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Better Outcomes Ahead with PT Changes

Posted by Danny Sanchez, PT, CEAS on January 10, 2018

Changes are afoot in the physical therapy profession and that’s good news for injured workers. The cookie cutter-approach is being replaced with more evidence based techniques. What’s more, we see a distinct trend toward more hands-on, less modality-based PT.

What it means for injured workers is that the therapy is tailored not only to their specific bodies and ailments, but to what they do and how they move — in their jobs as well as in their personal lives. Working one-on-one with injured workers gives us the opportunity to focus exclusively on their needs and help them regain function, get back to work, and avoid repeat injuries — typically in less time and with fewer treatments.

Functional Therapy

Our training as physical therapists is very hands-on. We learn how to manipulate the muscles and tendons to reduce pain and help the body heal. It’s rewarding when we can see an injured person progressing and recovering.

To be a physical therapist today also requires us to have advanced, post-graduate degrees. We undertake extensive scientific research into our craft, which gives us valuable insights into anatomy and how to heal it.

For too many years, though, many of us have not been able to fully utilize our training to help patients. The approach to PT has been more of a one-size-fits-all. In many PT clinics, there are so many people from different scenarios; people recovering from surgeries, elderly patients trying to regain balance or movement, and, of course, injured workers.

Putting these different types of patients together can sometimes result in a static approach to PT. At a typical clinic, there are a handful of therapists in a room filled with patients. A patient is typically put on a machine, such as a stationary bike for a certain period of time, then he’s moved to another machine. He may be shown some exercises and asked to do them on his own.

There are a couple of problems with this model.

  • Often there is no continuous oversight, so patients may be doing the exercises improperly or may be left on a machine for too long.
  • The machines and exercises are geared toward helping the average person move better but are not tailored to a specific individual’s body and movement needs.
  • There are typically multiple therapists working on each person, so no therapist is focused solely on one patient at a time.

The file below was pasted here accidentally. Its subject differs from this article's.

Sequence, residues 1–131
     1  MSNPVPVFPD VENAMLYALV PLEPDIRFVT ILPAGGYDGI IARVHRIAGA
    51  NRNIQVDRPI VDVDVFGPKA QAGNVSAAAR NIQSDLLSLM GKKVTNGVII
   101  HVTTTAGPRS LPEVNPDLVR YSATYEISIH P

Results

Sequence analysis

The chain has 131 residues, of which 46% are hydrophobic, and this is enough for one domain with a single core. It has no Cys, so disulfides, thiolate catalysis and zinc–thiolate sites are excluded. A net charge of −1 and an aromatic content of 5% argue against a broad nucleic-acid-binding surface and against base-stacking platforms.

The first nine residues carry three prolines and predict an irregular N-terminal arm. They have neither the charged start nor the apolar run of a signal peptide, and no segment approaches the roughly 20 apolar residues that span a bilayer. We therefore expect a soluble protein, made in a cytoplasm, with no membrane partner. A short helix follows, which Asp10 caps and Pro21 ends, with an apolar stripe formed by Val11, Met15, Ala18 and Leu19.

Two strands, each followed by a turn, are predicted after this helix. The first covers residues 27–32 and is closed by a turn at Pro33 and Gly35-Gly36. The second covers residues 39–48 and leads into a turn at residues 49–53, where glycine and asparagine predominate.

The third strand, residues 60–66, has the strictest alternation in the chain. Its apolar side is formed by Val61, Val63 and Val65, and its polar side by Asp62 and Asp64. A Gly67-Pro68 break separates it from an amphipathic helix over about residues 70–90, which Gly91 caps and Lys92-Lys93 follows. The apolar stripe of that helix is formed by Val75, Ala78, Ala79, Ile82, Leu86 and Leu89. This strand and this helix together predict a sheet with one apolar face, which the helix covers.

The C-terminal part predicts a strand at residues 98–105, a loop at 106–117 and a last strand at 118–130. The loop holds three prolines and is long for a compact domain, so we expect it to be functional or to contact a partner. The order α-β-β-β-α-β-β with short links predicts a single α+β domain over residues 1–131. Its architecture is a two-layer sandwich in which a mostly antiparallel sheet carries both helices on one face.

To be truly effective and efficient, PT needs to be functional; it needs to be hands-on and based on real-world movements that people do day in and day out. This is how we can help address the individual needs of each patient.

PT and the Real World

PT must be relevant to a person’s life in order to be effective. Take a truck driver with low back pain, for example. Putting him on a stationary bike for 15 minutes three times a week may help marginally, but it won’t give him much relief and, more importantly, it won’t prevent the pain from returning as soon as he is back on his job.

Chances are this worker has been doing things the same way for years – getting into and out of his truck, sitting in the same position, taking (or not taking) breaks at certain times, and, probably, not doing stretches that can help him avoid additional pain.

Sending him to a clinic where he has machines and exercises won’t adequately address his problems. He needs consult and advice from a trained physical therapist focused on his needs.

In addition to helping the worker recover, the therapist can educate him on injury prevention. The therapist can show the worker better ways to enter and exit his truck that won’t stress his lower back; he can go over ways to sit that will reduce his pain and show him certain stretches to do before and/or after driving to help increase the flexibility in the muscles surrounding his back; and he can explain the benefits of taking breaks at certain intervals and what to do during them.

This is only possible when a therapist works one-on-one with the injured worker and has deep insight into his work tasks. Where possible, we provide PT at the injured worker’s work site. This allows the therapist to truly understand the tasks the worker must do each day. It also helps form the basis for the treatment.

Conclusion

As physical therapists, we are able to help injured workers reduce pain and improve or restore their mobility, typically without expensive surgeries or long term use of dangerous medications. The shift taking place within the profession, to a more hands-on, evidence based practice is welcome news — for us and the injured workers we treat.

 

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